What to do in your garden in October

Jim McCausland,  – September 5, 2008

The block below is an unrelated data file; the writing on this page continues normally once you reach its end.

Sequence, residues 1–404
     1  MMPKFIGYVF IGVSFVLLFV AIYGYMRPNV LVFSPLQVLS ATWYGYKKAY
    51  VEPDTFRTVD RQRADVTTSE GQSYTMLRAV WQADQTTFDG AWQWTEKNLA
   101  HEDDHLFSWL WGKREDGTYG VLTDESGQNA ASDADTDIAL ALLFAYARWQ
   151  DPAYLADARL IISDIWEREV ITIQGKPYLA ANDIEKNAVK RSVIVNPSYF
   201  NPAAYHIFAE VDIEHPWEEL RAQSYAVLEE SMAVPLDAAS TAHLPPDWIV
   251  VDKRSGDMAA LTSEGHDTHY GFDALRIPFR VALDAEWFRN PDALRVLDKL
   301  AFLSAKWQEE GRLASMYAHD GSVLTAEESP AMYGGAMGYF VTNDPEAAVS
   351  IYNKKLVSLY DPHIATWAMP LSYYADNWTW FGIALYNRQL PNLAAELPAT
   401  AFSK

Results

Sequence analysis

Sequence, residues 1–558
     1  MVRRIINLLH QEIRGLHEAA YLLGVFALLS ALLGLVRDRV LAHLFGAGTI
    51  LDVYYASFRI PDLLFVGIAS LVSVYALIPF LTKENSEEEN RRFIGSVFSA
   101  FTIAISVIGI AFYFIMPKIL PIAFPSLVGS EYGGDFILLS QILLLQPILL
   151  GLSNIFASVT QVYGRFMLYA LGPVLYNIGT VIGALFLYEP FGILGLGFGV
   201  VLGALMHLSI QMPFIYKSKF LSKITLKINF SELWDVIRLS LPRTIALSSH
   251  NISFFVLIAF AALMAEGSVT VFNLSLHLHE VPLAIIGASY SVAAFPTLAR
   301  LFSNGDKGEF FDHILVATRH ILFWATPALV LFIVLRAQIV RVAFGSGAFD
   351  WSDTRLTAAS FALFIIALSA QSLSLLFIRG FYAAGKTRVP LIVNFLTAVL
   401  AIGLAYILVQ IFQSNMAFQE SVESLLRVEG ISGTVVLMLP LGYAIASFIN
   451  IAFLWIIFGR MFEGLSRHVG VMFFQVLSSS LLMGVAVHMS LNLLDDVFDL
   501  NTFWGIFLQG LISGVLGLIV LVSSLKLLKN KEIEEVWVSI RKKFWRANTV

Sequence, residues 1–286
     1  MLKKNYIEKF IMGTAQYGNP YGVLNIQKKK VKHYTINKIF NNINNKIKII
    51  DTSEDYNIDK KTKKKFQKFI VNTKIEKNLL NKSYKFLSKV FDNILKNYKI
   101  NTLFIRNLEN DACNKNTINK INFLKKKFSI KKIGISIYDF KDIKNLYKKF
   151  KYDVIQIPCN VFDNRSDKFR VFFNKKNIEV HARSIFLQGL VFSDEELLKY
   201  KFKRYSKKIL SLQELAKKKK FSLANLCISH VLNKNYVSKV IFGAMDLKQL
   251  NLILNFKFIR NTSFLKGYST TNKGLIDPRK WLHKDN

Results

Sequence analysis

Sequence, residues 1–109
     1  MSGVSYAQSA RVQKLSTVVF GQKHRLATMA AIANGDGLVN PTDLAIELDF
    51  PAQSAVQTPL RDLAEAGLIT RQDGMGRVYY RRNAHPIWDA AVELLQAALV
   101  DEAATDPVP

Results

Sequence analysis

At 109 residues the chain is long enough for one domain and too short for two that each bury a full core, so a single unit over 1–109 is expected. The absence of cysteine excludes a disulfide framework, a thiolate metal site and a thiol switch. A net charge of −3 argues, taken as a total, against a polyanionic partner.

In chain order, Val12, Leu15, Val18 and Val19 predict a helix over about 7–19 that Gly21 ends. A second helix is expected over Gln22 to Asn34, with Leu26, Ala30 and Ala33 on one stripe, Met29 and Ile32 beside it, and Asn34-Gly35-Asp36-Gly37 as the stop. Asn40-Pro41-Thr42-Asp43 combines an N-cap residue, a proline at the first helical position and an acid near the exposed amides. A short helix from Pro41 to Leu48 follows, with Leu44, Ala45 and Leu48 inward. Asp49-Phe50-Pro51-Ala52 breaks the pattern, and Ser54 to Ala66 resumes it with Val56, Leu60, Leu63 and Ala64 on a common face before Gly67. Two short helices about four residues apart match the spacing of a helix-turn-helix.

[P] [B {GO SHOPPING}][BR] [B {Versatile hand tool}] Oregon-based [XLINK “http://www.leatherman.com” “Leatherman” “” “_new”] has a new pro-quality bypass pruner called Genus ([SPECIAL_CHAR {36}]99), the first really good multifunction pruner we’ve found. Its handle has the smooth side out when you cut, but push the button, rotate the handle around, and you’ll find a knife, Phillips-head and standard screwdrivers, a saw, and a sprinkler-adjustment key. [CP][P] [B {PLANT NOW}][BR] [B {Bulbs for forcing}] Start paperwhite narcissus this month or next and, typically in three to five weeks, they’ll be blooming and filling the house with fragrance for the holidays. (Visit [XLINK “/paperwhites” “sunset.com/paperwhites”] to learn more about forcing them.) Also start amaryllis for showy trumpetlike blooms, and smaller bulbs like anemones and compact irises. [CP][P] [XLINK “/sunset/garden/article/0,20633,696479~1160094,00.html” “[B {Lawns}]”] [I {Sunset}] climate zones 4[SPECIAL_CHAR {150}]7, 17: Early this month, start a new lawn. The easiest and best way to do it this time of year is with sod; you can also grow one from seed, which is less expensive but takes longer. Just prepare the soil by tilling it 6 to 8 inches deep, raking out the rocks, and leveling the site. Then put down sod or sow seed, and keep the site evenly moist until fall rains take over. [CP][P] [XLINK “/sunset/garden/article/0,20633,1550358~1160094,00.html” “[B {Perennial groundcovers}]”] Plant evergreen kinds now, so they’ll have all winter to send out roots before spring growth begins. Good ones to try east of the Cascades include carpet bugle [I {(Ajuga reptans)}], dead nettle [I {(Lamium maculatum)}], London pride [I {(Saxifraga x urbium)}], moss pink [I {(Phlox subulata)}], snow-in-summer [I {(Cerastium tomentosum)}], sweet woodruff [I {(Galium odoratum)}], [I {Verbena}] ‘Homestead Purple’, and woolly thyme. [CP][P] West of the Cascades, you can add black mondo grass [I {(Ophiopogon planiscapus}] ‘Nigrescens’), blue star creeper [I {(Pratia pedunculata)}], jewel mint of Corsica [I {(Mentha requienii), Lithodora diffusa}] ‘Grace Ward’, [I {Vancouveria}], and wild ginger [I {(Asarum caudatum)}]. [CP][P] [XLINK “/sunset/garden/article/0,20633,1550822,00.html” “[B {Spring-flowering bulbs}]”] Plant alliums, chionodoxa, daffodils, Dutch hyacinths, fritillaries, grape hyacinths, snowdrops [I {(Galanthus)}], snowflakes [I {(Leucojum)}], Spanish bluebells [I {(Hyacinthoides hispanica)}], spring star flower [I {(Ipheion)}], and star of Bethlehem [I {(Ornithogalum)}]. These all tend to resist disease, and pests like gophers and slugs leave them alone. [CP][P] [B {TEND YOUR PLOT}][BR] [B {Clean up}] Deadhead flowers that are still blooming, and rip out annuals and vegetables that are done. Keep fruit picked so rot doesn’t set in. Compost everything except diseased plants and weeds with flowers or seed heads. [CP][P] [B {Manage fuchsias}] Zones 4[SPECIAL_CHAR {150}]7, 17: Give plants their last feeding early in the month. Then let them wind down until just before frost, when you should bring them inside or insulate them with a thick layer of mulch for the winter. Zones 1[SPECIAL_CHAR {150}]3: Bring fuchsias into a protected, dark place for the winter (a cool basement or a frost-free garage is fine). [CP][P] [XLINK “/sunset/garden/article/0,20633,1624869,00.html” “[B {Water}]”] Until rains begin, water established plants deeply to get them ready for the winter. Most ornamentals do best in freezing weather when their roots are fully hydrated. [CP][P] [ARTICLE_IMAGE 1 L] [B {BLAZING MAPLES}][BR] In shades of scarlet, copper, and gold, Japanese maples add a burst of color to fall gardens just when many other plants are winding down. They thrive in [I {Sunset}] climate zones 2[SPECIAL_CHAR {150}]7, and most of them top out at 20 feet. [CP][P]The deeply lobed leaves of ‘Bloodgood’ and ‘Osakazuki’ (left) turn flaming red. For orange foliage, try ‘Nicholsonii’ or ‘Orangeola’. To paint your garden in golds, plant ‘Flavescens’, ‘Hogyoku’, or ‘Sango Kaku’. Give Japanese maples regular water, full sun or partial shade in mild-winter climates, and partial shade where summers are hot. [SPECIAL_CHAR {150}]Julie Chai [CP][P] [B { Fresh Dirt:}] [XLINK “http://freshdirt.sunset.com” “Get the latest tips, tricks, and planting ideas on our garden blog [SPECIAL_CHAR {187}] “] [CP]